Ok thanks I'll try that. Just out of curiosity is there anything you look for when approaching these more left-field binomials, or just intuition?
Mostly the latter for me really, there's a lot of pattern recognition going on when I approach them.

10. ## Re: 2018 HSC Marathon 3U Q and A

http://prntscr.com/kw5d3q

Part iii. Thanks

11. ## Re: 2018 HSC Marathon 3U Q and A

Originally Posted by HoldingOn
http://prntscr.com/kw5d3q

Part iii. Thanks
The horizontal range of the ball is maximised when $\alpha = \pi / 4$. This can be easily shown by examining the equation in ii).

Case 1: The ceiling allows for an angle of projection of $\pi / 4$.

If the ceiling allows for at least this angle of projection, then $\alpha = \pi / 4$ is the optimal angle to throw the ball.

It doesn't matter how tall the ceiling is after a certain point - because the best angle is $\pi / 4$ and any higher angle will simply lower $d$.

The horizontal range obtained by projecting at this optimal angle is then $d = {v^2}/{g}$.

But when does the ceiling allow for this angle? It is when the maximum height of the projectile (with angle of projection $\alpha = \pi / 4$) is less than or equal to the height allowed by the ceiling (which is $H-S$).

Mathematically, this can be represented by the condition

$(H-S) \geq \frac{v^2 \sin^2 (\pi/4)}{2g} \implies 4g(H-S) \geq v^2$.

Case 2: The ceiling does NOT allow for an angle of projection of $\pi / 4$.

As $\alpha$ decreases past $\pi / 4$, so too does $d$, from ii).

Therefore we want the largest value of $\alpha$ we can get. This value occurs when the tip of the ball's trajectory coincides with the ceiling, i.e.

$(H-S) = \frac{v^2 \sin^2 \alpha}{2g}$

Rearrangement gives:

$\sin^2 \alpha = \frac{2g(H-S)}{v^2} \implies \sin \alpha = \sqrt{\frac{2g(H-S)}{v^2}} \quad (1)$

$\cos^2 \alpha = 1 - \frac{2g(H-S)}{v^2} \implies \cos \alpha = \sqrt{\frac{v^2 - 2g(H-S)}{v^2}} \quad (2)$

Finally, to get the answer, substitute (1) and (2) into:

$d = \frac{v^2}{g}(2 \sin \alpha \cos \alpha)$

12. ## Re: 2018 HSC Marathon 3U Q and A

Could I get some help with part i and ii please. Thanks

http://prntscr.com/kz7x4d

13. ## Re: 2018 HSC Marathon 3U Q and A

Originally Posted by HoldingOn
Could I get some help with part i and ii please. Thanks

http://prntscr.com/kz7x4d
CCI27092018_00000.jpg

14. ## Re: 2018 HSC Marathon 3U Q and A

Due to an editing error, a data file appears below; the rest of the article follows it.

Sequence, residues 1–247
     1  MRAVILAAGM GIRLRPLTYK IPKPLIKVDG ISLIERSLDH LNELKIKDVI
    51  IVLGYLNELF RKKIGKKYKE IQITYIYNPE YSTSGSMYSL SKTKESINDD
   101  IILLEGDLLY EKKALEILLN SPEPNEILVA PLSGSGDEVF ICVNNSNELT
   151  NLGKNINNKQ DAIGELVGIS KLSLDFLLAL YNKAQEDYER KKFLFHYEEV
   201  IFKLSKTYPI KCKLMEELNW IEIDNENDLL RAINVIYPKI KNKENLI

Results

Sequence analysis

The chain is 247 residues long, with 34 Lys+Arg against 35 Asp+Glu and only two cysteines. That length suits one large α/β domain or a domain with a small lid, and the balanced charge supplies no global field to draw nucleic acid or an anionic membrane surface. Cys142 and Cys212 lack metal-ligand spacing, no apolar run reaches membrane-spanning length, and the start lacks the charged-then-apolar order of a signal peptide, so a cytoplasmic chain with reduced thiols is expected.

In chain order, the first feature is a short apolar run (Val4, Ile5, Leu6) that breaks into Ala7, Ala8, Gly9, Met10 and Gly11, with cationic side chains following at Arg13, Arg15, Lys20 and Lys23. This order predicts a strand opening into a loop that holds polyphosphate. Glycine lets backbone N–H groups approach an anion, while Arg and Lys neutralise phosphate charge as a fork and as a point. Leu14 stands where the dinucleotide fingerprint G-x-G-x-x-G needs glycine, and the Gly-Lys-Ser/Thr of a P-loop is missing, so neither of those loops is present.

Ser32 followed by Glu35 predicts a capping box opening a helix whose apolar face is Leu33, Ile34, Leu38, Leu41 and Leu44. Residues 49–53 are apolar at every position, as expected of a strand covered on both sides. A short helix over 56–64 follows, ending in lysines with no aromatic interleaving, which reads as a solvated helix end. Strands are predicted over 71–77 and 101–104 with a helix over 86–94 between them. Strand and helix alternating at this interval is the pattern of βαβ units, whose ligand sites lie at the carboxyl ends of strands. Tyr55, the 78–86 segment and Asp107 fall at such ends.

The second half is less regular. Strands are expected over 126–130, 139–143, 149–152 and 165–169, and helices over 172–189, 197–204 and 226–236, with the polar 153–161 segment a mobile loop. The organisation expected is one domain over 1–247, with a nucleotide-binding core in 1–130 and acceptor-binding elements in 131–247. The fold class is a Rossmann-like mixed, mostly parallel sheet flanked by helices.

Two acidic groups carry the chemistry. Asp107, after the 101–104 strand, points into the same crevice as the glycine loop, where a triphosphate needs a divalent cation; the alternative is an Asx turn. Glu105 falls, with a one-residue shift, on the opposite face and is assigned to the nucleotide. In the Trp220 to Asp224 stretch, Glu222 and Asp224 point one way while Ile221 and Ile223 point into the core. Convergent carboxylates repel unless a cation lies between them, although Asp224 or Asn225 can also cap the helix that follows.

i) Hint: the expression you need to prove can be rearranged to

$\cot \theta = \frac{1 + \tan n\theta\, \tan (n+1)\theta}{\tan(n+1)\theta - \tan n\theta}$

ii) Starting from the inductive hypothesis:

$\sum_{n= 1}^k \tan \theta\tan (n+1)\theta = -(k+1) + \cot \theta \tan (k+1)\theta$

$\sum_{n= 1}^{k+1} \tan \theta\tan (n+1)\theta = -(k+1) + \cot \theta \tan (k+1)\theta +\color{red} \tan(k+1)\theta \tan(k+2)\theta$

From i) by rearranging we get $\color{red} \tan n\theta\, \tan (n+1)\theta \color{black}= \cot \theta(\tan(n+1)\theta - \tan n\theta) - 1$.

15. ## Re: 2018 HSC Marathon 3U Q and A

This seems to be my thread haha.

If anyone could help with this, and maybe some tips on how to approach these sort of problems- I'm not great at them.

A die is loaded in such a way that in 8 throws of the die, the probability of getting 3 even numbers is four times the probability of getting 2 even numbers. Find the probability that a single throw of the die results in an even number.

16. ## Re: 2018 HSC Marathon 3U Q and A

This is a Binomial Probability question.

$\binom 8 3 p^3 (1-p)^5 = 4 \times \binom 8 2 p^2(1-p)^6$

Solving you get the P(even) in a single throw = p = 2/3.

17. ## Re: 2018 HSC Marathon 3U Q and A

May I ask where you found that proj motion question?

18. ## Re: 2018 HSC Marathon 3U Q and A

Originally Posted by herowise
may i ask where you found that proj motion question?
2003 3U paper

There are currently 1 users browsing this thread. (0 members and 1 guests)

#### Posting Permissions

• You may not post new threads
• You may not post replies
• You may not post attachments
• You may not edit your posts
•